Where Did I Come From?
Describes the reproductive process from intercourse to birth.
- Paperback | 48 pages
- 228.6 x 228.6 x 7.62mm | 181.44g
- 01 Dec 2000
- Kensington Publishing
- Citadel Press
- New York, United States
- Carol Pub Group
About Peter Mayle
Peter Mayle spent fifteen years in the advertising business before escaping in 1975 to write books, including his bestselling "A Year in Provence "and "Toujours Provence." His work has been translated into seventeen languages and he has contributed to a variety of newspapers and magazines. He lives with his wife in Provence. Robbins is Professor of Art Therapy at the Pratt Institute and a Founding Director of the Institute of Expressive Analysis. He is on the board of directors of the National Psychological Association for Psychoanalysis and has been on the faculty for over thirty years. He is also a New York State licensed psychologist and a graduate certified psychoanalyst.
Our customer reviews
I had this book as a little girl in the 80s and 90s, and it was the one book that didn't sugar coat and lie about things - I absolutely loved it! It's very descriptive, and not at all obscene. It's clear, and makes it fun to learn. It's also good to have those 'a-ha!' moments like "so *this* is what's happening" and also to prepare you for what *will* happen so it's not a shock. I've added this to my wishlist for my next payday so I can get a new copy for my own child, and will likely get the follow-on book as well. I remember watching a video version in school, as well. I highly recommend this book to parents and caregivers who want to broach this topic with their child.show moreby Jennifer McGavin
an absolutely perfectly balanced book. describes beautifully the creation of a baby. In 1986 many parents were utterly disgusted by this book and tried to ban it from school. i am quite alarmed to see the amount of dislikes marked against this book. Why are people so scared to explain the origin of life to their children? It doesn't need to be done until you know your children are ready to hear it. And the answer to that is simple. They are ready to hear it when they start asking questions. And why do so many children grow up thinking a baby grows in a stomach? Why are we scared to use the word 'womb'. It's like a 'room'. the baby grows in it's special womb-room. It's special. Come on guys! Get with the times! My son is 5 and he knows EVERYTHING because he wants to know - right down to the details of how a sperm has to meet with an egg and implant in the uterus wall, and how twins are made, the difference between identical twins and non-identical. I bet some of you grown ups don't know that. He knows why I have a menstrual cycle - not because I've forced it on him but because he has asked questions! Maybe he's going to be an amazing medical expert one day. I'm proud that he asks, and I'm proud that I know enough to provide him with the answers. What is more amazing and inspiring - also painful and scary and life changing - than the creation of a beautiful new baby?show moreby Sarah Jooste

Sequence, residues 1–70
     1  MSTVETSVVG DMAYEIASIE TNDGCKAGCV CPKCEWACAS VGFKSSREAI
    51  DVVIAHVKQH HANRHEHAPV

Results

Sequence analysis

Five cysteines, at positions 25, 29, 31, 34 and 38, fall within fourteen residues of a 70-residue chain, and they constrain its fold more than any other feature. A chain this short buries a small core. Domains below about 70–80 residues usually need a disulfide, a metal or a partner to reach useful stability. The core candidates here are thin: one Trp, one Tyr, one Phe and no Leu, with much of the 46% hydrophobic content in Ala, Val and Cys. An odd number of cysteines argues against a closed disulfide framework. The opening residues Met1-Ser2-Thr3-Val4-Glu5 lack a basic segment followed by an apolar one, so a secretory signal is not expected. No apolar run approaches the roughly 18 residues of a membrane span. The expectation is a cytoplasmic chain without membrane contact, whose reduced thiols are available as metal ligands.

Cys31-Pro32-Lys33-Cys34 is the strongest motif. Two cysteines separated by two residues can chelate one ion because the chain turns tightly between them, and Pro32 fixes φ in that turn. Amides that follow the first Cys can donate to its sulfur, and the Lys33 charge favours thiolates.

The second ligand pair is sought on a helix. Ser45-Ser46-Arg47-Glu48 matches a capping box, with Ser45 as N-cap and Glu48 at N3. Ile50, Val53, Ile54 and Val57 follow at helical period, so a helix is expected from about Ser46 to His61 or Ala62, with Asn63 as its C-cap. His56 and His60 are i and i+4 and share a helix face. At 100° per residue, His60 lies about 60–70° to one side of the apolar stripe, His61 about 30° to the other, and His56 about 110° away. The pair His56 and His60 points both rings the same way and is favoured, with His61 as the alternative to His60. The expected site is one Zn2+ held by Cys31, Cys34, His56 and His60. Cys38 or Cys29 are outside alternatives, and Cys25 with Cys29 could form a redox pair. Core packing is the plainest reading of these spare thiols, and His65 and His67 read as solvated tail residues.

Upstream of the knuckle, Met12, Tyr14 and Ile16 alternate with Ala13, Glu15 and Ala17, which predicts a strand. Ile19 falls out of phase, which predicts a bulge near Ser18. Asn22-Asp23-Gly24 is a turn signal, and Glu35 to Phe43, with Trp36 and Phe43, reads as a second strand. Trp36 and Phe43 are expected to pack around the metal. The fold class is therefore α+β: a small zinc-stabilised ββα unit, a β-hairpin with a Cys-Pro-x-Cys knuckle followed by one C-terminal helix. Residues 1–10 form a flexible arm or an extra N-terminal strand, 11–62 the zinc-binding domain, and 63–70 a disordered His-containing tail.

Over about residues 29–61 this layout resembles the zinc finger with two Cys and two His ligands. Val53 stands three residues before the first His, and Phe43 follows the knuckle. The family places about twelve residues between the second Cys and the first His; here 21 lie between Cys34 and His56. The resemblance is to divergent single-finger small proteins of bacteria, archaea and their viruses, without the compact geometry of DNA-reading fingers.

I had this when I was little. It is.... interesting. Cartoon style but still quite graphic...show moreby Katherine Marsicano